Cooling category signifies the manner in which heat is dissipated.

We differentiate between the following cooling categories:

self-cooling:

The machine is cooled through air motion and radiation without resorting to a ventilator.

natural cooling:

The cooling air for the machine stems from a ventilator attached to the rotor.

separate cooling:

The machine is either cooled through a ventilator which is not driven by the machine shaft or, alternatively, by means of another separately moved coolant instead of air.

3.4.2. Cooling category designation

The coolant category designation indicates:

Type of coolant
Nature of the cooling cycle
Method of the coolant circulation

Designation:

1. Code letters of the cooling IC

2. Type of coolant

Gases

air

A


hydrogen

H


nitrogen

N


carbon dioxide

C

Liquids

water

W


oil

U

(Where air only is used for cooling the letter “A” can be dropped.)

3. Cooling cycle arrangement (1st index)

4. Method of coolant circulation (2nd index)

Coolant designation pattern:


Figure

Examples:

IC 01

air-cooled machine, free cycle, self-cycle cooling

IC0141

air-cooled machine, two cooling cycles, primary coolant dissipates its heat from the casing surface (4); the primary coolant is in self-cycle (1) whilst the coolant circulates freely (0) coupled with self circulating coolant effects (1)

ICA01H41

Primary coolant is hydrogen; the heat is led off from the casing surface, the hydrogen features a self-cycle; air is used as secondary coolant; the air circulates freely during self-cooling.

The openings through which the air enters must remain uncovered. Improper machine erection resp. any obstruction of cooling air passage paves the way for both heat damage and possible emission through soilage. Consequently, all machine cooling devices must be regularly serviced.

3.5. Mode of operation

3.5.1. Definition

Operating an electric motor always gives rise to undesirable energy conversion. This in turn leads to heating up which, above all, strains the winding insulations. The service life of a machine is decisively influenced by its inside temperature. Thermal overloading can engender operational disturbances. Estimates indicate that a temperature increase of 8K reduces machine life by 50 per cent. Heating up results first and foremost through energy passage in the windings. The designation W = I2 · R · t shows that the conversion into heat and the related temperature rise are determined by the current flow and its duration. Temporary overloading is permissible as, due to thermal inertia, the temperature increase remains insignificant.

A torque increase for the work unit, respectively a mass inertia when starting or braking give rise to greater losses in the motor through the flow of higher starting or braking currents. Load starting and braking thus exert an influence on the degree of heating up. Consequently, for reasons related to thermal load, electric motors must be aligned to the load rhythm of the work unit.

Mode of operation relates to the nature and sequence pattern, equally the duration of standstill and idling times, also to the nominal load of electrical machines.

3.5.2. Operational mode designation

Following abbreviations have been stipulated:

S1

permanent operation

S2

short-term operation

S3

intermittent operation with starting or braking influences

S4

intermittent operation with starting influence on temperature

S5

intermittent operation with starting and electric braking influence on the temperature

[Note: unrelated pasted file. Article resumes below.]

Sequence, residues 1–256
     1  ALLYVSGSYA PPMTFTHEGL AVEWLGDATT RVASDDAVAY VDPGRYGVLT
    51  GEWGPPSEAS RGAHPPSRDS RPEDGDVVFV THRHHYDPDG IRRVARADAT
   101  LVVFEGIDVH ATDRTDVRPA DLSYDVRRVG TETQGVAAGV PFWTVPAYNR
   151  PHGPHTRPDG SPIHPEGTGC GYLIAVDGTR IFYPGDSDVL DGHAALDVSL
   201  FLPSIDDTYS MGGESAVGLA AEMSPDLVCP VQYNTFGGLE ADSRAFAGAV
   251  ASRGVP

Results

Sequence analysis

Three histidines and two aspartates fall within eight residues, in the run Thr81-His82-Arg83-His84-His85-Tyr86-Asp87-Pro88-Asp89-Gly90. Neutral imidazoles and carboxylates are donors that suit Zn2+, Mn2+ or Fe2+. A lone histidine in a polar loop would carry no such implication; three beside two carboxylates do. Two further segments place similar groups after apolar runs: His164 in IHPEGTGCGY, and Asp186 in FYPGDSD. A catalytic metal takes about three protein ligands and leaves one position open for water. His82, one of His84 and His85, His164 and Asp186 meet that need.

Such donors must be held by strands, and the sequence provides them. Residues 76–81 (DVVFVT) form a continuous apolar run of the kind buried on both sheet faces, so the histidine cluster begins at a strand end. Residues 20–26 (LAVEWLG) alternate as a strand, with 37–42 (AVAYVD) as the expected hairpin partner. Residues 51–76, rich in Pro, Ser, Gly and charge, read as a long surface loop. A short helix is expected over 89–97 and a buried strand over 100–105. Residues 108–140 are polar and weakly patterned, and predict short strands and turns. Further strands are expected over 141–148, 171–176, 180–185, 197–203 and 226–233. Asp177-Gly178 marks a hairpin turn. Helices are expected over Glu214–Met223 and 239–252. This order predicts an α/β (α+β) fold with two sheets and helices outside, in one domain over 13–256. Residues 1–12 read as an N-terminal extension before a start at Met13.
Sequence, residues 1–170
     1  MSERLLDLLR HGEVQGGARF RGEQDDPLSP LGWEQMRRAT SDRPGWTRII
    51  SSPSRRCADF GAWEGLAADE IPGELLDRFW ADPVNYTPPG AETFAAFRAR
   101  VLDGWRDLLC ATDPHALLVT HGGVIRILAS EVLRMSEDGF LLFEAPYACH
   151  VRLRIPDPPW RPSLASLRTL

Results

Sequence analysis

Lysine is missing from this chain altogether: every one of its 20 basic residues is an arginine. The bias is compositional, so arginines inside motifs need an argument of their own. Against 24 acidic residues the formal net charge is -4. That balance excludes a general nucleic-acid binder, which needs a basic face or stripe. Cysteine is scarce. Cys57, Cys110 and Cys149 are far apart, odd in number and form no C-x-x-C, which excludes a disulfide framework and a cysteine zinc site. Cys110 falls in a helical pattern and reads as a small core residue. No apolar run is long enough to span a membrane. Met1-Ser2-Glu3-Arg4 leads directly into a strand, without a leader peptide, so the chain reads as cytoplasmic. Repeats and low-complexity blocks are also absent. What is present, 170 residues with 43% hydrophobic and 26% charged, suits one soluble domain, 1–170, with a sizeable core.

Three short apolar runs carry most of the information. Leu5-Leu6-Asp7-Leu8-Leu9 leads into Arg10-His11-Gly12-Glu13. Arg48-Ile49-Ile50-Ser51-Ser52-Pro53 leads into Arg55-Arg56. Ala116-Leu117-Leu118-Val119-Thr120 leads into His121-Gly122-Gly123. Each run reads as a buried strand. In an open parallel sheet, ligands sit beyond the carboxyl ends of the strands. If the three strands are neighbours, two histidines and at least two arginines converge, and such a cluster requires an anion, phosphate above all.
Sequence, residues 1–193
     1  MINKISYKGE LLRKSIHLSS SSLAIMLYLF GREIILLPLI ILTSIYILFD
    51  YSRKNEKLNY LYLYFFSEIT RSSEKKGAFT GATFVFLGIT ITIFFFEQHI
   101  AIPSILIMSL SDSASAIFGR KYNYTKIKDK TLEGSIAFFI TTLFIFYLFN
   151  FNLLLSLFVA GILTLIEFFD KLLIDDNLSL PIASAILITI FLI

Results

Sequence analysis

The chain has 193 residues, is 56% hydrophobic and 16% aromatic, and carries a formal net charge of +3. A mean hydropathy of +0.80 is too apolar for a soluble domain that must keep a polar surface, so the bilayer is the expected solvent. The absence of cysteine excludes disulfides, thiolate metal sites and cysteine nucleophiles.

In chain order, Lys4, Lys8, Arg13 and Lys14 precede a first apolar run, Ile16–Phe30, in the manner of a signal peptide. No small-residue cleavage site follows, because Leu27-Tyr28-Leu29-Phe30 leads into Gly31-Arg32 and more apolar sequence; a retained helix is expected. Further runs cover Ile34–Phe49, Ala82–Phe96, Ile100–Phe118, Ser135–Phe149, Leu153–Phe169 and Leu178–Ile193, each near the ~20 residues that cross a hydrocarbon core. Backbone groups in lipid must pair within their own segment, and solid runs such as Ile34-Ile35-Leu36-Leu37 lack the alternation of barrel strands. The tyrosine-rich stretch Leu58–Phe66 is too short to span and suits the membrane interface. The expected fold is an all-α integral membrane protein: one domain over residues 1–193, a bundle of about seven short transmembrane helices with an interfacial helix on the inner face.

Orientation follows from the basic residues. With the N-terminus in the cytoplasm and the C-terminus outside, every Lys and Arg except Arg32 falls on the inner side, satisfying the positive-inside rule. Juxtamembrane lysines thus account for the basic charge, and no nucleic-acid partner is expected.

S6

continuous operation with intermittent loading

S7

uninterrupted operation with starting and electric braking

S8

uninterrupted operation at differing speeds

3.5.3. Frequent nominal cycle ratings

Operational mode S1

Nominal load machine running continues (tB) until machine heating up has attained its final temperature which does not increase further.


Figure 26 - Rated operating type S1

Legend as for Figure 28

The final temperature shall not exceed the limit temperature heat resistance category of the machine.

Operational mode S2

Nominal load machine running continues until the limit temperature of the machine has been attained. Then there is a break which lasts until the machine temperature has attained room temperature. The desired values of 10, 30, 60 and 90 minutes apply for the duration of short-time operation.


Figure 27 - Rated operating type S2

Legend as for Figure 28

Operational mode S3

The machine runs in periodical operation in a permanent sequence of like cycles (tSP). Each cycle includes nominal load or operation and a break (tP) with standstill time whereby the starting current exerts no perceptible influence on heating up.


Figure 28 - Rated operating type S3

1 Power
2 Power loss
3 Operating time (tB)
4 Down time (tP)
5 Cycle play time (TSP)

The machine temperature does not return to room temperature during the standstill period. Intermittent operation is characterised through the relative cycle duration factor tr and the cycle of ten minutes. The cycle duration indicates the various, repeatedly occurring operating conditions. The relative cycle duration factor (t)r is indicated thus:

By way of preference 15, 25, 40 and 60% should apply in respect of the relative cycle duration factor.

3.6. Heat resistance categories

The functional life of machine windings depends to a great extent on the thermal strain of insulations. Constant temperature must, moreover, be so limited as to prevent heating up over a longer period leading to an impairment of electrical and mechanical properties.

Survey 12 - Insulation classes

IC Highest permissible permanent temperature (celsius)

Short characterization of the main categories of insulating materials

Y

90

non-impregnated insulation materials of cellulose fibres or silks; forming materials on the basis of urea formaldehyde resin

A

105

impregnated as insulation or in liquid insulating materials such as oil - trenched insulation materials of cellulose fibres or silks; forming materials on the basis of melamine formaldehyde resin